Christmas traditions around the world
We're used to turkey, mince pies and presents on 25 December in the UK, but Christmas can be a very different affair in other countries around the world.
Newsround checks out festive traditions from all over the globe.
Christmas comes early in the Netherlands, as St Nicholas (called Sinterklaas) arrives by boat on the last Saturday in November with his helper Zwarte Piet (Black Pete), who is said to punish bad children. Sinterklaas doesn't live at the North Pole like Santa though - he comes from Spain!
Farmers also blow long horns at sunset to announce the coming of Christmas.
Fresh basil is wrapped around a wooden cross, and used to sprinkle water around the house to keep away the Killantzaroi - mischievous goblins that are believed.
Some people also keep a fire lit to stop them making mischief, like turning milk sour, or riding on people's backs.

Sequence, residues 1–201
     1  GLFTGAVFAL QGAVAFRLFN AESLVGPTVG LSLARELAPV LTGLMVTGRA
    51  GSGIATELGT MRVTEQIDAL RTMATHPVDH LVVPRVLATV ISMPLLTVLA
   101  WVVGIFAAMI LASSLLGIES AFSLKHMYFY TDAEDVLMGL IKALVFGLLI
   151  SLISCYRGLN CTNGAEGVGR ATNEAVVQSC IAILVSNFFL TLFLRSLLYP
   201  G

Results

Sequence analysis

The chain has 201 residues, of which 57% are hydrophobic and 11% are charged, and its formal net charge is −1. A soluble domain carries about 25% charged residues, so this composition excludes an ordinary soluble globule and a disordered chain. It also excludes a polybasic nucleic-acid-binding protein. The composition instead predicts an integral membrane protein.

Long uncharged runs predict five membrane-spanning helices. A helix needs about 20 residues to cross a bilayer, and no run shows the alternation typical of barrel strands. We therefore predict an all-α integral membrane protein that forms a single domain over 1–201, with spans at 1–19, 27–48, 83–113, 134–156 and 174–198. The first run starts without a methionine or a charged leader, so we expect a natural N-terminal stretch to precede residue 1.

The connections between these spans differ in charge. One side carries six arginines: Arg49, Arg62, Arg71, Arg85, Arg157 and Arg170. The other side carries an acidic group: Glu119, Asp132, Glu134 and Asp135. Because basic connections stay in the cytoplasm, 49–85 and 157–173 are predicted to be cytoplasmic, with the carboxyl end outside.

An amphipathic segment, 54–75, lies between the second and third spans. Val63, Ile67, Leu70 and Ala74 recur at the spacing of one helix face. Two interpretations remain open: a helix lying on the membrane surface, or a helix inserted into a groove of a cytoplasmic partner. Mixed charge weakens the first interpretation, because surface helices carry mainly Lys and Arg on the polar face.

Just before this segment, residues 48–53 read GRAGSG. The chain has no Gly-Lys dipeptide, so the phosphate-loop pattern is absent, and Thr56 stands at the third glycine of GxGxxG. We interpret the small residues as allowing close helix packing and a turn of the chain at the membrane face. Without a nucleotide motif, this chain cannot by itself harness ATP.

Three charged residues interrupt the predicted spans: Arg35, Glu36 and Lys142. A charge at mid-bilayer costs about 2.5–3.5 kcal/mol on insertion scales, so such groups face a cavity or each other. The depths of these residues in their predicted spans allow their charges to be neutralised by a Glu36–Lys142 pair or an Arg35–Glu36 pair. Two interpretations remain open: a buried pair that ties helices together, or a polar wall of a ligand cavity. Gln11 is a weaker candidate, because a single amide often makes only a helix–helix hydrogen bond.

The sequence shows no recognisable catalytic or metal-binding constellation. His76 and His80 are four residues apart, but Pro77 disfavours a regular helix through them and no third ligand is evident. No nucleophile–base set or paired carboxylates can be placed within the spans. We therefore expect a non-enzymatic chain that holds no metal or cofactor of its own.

Gifts are given on 1 January.
Kids get gifts on 6 December, which is St Nicholas' day.
Families gather for a traditional Christmas Eve meal, which has 12 courses, two of which are carp (a kind of fish).
Polish tradition says animals can talk and people can tell the future on Christmas Eve.
Norwegian children have two creatures to look out for. First is the Julebukk, a goat-like gnome who brings presents.
Then there is Jul Nisse, who guards farm animals and plays tricks on children if they don't leave porridge out for him.
Christmas starts on 8 December in Spain, with the Feast of the Immaculate Conception.
Lots of people set up special swings just for the festive period.
Presents don't come until 6 January (Twelfth Night), which is when the Three Kings brought gifts to the baby Jesus.